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Pollution Reduction Devices/ Dwindling Bees

Date Sunday - July 17, 2016
Host Richard Syrett
Guests David YurthGeorge Scott

Joining Richard Syrett in the first half, David G. Yurth, principal inventor and co-founder of Nova Institute of Technology, presented an update on his compact, lightweight, low-cost energy efficient device that eradicates all exhaust fumes produced by internal combustion engines before they leave the tailpipe. We have "pioneered a method that enables us to attack the structure of the CO2 molecule in the exhaust system before it escapes into the environment," he explained. The plasma/ionization technology could be fitted into the back end of an existing tail pipe, in which gases such as carbon dioxide would be molecularly disassembled, eliminating pollution at its source, he continued.

While most auto companies have been resistant to Yurth's innovations, Volkswagen recently expressed some interest, before suddenly breaking off contact, he reported. Yurth also discussed his groundbreaking technology that could remediate nuclear waste from a nuclear power plant. While his team demonstrated that it could reduce dangerous levels of radiation to non-detectable amounts, the technology was rejected by the nuclear power industry, he lamented. This happened, he claimed, because the waste from nuclear plants is needed for a process to help create weapons-grade plutonium.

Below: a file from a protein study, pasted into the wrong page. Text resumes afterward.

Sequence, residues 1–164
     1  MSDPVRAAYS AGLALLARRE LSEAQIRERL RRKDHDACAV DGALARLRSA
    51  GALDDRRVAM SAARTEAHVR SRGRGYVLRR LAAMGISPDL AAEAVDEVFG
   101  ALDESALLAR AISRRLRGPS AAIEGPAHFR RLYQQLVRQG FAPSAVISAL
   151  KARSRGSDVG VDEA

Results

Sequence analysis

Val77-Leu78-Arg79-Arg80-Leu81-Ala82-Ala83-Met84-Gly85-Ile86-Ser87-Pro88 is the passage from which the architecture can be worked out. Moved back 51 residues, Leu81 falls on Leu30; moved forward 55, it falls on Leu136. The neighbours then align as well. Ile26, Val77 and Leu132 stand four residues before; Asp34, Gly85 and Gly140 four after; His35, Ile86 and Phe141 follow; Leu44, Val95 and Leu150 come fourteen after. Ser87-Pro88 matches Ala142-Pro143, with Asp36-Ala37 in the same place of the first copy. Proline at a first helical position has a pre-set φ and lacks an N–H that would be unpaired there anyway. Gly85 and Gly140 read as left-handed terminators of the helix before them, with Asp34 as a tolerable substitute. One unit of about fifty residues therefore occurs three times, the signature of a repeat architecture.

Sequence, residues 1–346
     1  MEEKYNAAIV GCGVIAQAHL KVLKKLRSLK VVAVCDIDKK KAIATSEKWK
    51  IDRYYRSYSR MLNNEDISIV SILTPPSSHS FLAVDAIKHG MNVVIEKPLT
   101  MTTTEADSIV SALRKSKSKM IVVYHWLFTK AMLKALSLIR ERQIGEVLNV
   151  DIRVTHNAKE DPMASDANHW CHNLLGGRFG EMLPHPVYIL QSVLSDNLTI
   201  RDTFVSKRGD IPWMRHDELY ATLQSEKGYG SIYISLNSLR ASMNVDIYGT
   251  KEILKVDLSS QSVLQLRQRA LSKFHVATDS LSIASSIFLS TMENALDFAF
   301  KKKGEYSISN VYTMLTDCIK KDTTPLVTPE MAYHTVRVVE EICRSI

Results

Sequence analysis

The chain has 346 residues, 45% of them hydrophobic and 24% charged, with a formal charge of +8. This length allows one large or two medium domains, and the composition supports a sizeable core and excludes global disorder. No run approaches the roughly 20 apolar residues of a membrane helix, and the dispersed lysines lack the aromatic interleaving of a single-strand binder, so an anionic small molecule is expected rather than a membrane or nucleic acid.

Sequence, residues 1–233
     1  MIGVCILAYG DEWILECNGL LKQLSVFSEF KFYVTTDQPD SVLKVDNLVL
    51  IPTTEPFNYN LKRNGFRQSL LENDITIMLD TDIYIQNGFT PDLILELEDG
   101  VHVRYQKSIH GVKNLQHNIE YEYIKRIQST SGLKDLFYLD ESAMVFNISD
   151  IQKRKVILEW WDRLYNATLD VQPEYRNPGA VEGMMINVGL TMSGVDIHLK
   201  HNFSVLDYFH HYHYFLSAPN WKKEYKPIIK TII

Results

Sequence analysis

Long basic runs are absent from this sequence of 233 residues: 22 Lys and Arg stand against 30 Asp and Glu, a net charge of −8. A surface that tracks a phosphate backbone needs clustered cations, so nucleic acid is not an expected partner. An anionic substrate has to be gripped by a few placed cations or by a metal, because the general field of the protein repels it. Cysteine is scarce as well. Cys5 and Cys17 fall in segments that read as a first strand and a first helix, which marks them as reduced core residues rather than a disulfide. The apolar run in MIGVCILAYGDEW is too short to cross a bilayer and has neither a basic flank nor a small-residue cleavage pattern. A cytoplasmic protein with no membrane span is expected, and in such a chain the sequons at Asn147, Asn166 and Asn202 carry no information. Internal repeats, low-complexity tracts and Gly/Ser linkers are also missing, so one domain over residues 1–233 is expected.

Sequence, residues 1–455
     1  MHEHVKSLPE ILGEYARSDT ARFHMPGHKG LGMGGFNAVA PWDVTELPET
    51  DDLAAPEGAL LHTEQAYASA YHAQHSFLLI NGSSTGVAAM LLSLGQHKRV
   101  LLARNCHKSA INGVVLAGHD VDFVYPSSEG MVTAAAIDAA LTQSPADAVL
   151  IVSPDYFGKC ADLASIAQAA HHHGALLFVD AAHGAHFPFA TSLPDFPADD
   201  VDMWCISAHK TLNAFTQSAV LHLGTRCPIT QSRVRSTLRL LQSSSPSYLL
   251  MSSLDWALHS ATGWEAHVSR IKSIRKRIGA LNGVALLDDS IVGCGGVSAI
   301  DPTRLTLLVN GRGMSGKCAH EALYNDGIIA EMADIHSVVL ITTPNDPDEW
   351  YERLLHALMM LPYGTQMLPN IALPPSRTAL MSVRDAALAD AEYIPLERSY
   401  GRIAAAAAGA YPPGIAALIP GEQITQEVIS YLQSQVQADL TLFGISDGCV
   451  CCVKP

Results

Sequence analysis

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In the latter half, bee expert, George Scott, spoke about the importance of bees to the planet, why their numbers are dwindling, and what we can do to stop them from disappearing altogether. There is little question that the honey bee die-offs and 'colony collapse disorder' are due to the increased use of neonicotinoids, a class of agricultural insecticides resembling nicotine, he remarked. The insecticides are also widely used by non-farmers such as for flea collars for dogs, and urban pest control companies. The chemical effects are cumulative, and the neonicotinoids degrade very slowly in certain climates, he added.

Accepting that neonicotinoids are here to stay for the time being, Scott has focused his efforts on developing ways to mitigate their effects. One beekeeping method is too install new queen bees in order to preserve the hive, as the longer the queen has been around, the more chance she will have become disoriented by the chemicals, he detailed. Another strategy is tracking when plants treated with the neonicotinoids are flowering, and feeding the bees an alternative food source during this time, so they don't fly to the flowers. Scott said they are also importing Carpathian bees from Ukraine, where the quality control is extremely high.

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